LONDON - Sony has become the first World Cup sponsor to call for a probe into accusations that bribes were paid to secure the 2022 tournament for Qatar, raising the stakes for football chiefs who have threatened to move the cup if the allegations are proved to be true.
Football's governing body Fifa is conducting an internal investigation into the decisions to hold the 2018 World Cup in Russia and the 2022 Cup in Qatar.
Qatar's bid in particular has attracted controversy from the outset because of the extreme summer heat during the months when the cup is played and the tiny country's lack of domestic football tradition.
Britain's Sunday Times has printed what it says are leaked documents showing bribes were paid to secure the event for Qatar, which Qatar denies. A former US prosecutor leading Fifa's internal investigation is due to report in July, around a week after this year's World Cup finishes in Brazil.
The newspaper published new accusations on Sunday, just days before the 2014 tournament kicks off in Brazil, alleging that then Asian football chief Mohamed Hammam, a Qatari, had brokered meetings between Qatari officials and governments to discuss bilateral trade deals.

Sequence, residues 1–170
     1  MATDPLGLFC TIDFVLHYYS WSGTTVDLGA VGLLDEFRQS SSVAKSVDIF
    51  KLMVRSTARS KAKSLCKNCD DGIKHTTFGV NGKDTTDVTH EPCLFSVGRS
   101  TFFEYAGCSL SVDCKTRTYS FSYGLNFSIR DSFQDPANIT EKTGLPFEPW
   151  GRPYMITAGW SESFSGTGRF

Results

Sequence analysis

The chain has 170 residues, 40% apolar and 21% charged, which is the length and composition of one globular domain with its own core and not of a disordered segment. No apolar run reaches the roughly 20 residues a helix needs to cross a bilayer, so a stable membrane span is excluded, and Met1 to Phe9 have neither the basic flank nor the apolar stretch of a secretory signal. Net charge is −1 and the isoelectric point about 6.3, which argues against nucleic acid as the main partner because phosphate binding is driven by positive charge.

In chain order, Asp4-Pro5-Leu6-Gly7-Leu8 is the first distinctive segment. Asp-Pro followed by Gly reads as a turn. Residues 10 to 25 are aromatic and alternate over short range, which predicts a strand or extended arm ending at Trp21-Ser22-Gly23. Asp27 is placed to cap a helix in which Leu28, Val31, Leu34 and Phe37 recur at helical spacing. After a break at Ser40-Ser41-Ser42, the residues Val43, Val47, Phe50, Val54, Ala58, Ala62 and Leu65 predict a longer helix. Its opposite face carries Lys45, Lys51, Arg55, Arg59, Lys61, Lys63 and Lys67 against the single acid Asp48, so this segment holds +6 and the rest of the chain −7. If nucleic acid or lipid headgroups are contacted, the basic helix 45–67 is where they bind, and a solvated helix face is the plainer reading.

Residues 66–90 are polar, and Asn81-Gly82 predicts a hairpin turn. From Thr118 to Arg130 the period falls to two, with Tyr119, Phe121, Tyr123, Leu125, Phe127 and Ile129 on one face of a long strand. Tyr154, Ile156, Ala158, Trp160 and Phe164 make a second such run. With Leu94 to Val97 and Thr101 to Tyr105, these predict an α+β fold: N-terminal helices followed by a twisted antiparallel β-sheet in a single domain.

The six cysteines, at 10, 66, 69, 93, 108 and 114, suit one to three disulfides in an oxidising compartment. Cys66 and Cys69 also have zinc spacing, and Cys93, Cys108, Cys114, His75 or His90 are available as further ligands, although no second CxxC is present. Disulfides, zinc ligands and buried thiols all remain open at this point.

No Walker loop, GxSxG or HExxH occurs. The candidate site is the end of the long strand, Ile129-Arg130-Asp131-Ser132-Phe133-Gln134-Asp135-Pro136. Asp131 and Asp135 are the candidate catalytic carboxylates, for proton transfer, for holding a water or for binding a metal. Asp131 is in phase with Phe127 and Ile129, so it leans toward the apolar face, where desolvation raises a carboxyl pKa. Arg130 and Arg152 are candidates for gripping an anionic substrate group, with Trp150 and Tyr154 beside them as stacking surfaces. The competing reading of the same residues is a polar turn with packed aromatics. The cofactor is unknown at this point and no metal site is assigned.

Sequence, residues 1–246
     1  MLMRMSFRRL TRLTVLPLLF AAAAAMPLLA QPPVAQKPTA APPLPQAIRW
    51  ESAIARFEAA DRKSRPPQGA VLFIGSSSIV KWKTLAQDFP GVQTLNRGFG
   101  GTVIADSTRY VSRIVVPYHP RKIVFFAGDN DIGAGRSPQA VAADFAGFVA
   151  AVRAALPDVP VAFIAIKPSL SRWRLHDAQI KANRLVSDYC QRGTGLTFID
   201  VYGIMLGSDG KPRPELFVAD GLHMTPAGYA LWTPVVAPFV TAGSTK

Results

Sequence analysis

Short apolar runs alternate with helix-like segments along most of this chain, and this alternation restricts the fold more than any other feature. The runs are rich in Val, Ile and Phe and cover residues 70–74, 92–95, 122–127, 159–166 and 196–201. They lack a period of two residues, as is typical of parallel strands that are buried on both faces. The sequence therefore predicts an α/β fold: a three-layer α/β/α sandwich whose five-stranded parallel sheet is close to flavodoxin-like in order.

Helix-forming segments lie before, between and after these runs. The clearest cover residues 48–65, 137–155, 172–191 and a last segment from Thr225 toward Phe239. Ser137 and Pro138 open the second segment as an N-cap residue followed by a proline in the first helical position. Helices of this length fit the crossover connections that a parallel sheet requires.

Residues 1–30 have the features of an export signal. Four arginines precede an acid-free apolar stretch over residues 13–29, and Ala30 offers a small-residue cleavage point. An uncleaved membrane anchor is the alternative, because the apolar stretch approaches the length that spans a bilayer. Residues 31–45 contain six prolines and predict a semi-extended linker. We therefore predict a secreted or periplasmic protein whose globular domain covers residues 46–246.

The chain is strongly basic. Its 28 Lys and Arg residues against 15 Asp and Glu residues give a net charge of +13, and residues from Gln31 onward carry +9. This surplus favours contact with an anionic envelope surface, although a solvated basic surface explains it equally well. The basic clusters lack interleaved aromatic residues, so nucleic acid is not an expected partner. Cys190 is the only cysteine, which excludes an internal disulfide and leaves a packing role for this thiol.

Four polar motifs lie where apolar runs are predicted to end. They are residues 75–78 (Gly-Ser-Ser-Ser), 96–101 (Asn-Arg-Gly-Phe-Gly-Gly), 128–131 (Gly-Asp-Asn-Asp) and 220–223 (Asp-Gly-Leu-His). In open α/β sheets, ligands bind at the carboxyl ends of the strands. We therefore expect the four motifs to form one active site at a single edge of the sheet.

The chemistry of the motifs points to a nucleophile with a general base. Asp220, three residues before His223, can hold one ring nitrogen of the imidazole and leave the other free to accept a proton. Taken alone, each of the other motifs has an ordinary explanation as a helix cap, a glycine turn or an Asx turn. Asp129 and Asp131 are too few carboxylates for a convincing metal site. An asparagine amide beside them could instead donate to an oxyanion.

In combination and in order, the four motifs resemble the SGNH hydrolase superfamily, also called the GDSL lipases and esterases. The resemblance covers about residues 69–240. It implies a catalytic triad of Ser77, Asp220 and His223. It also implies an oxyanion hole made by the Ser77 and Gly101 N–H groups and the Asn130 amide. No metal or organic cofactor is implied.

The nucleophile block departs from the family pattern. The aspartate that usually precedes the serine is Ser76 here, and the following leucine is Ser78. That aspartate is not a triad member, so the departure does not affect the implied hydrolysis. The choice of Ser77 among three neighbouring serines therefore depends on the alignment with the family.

Qatar denies that Hammam, who has not commented, was connected to its bid for the Cup. Fifa has already banned him for life from football over accusations he paid bribes to win votes for a bid to become president. That ban was overturned but another was imposed for conflicts of interest.
Until now, Fifa's sponsors have stayed silent. The Sunday Times quoted a Sony statement as saying: "As a Fifa partner, we expect these allegations to be investigated appropriately.
"We continue to expect Fifa to adhere to its principles of integrity ethics and fair play across all aspects of its operations," the statement added.
Fifa earned almost US$1.4 billion (S$1.75 billion) last year, including more than US$600 million from broadcasting rights and over US$400 million from sponsors and other marketing partners.
Sony is one of six main Fifa sponsors who collectively paid around US$180 million last year. Sony's sponsorship agreement expires this year, giving it particular leverage as it negotiates a new deal.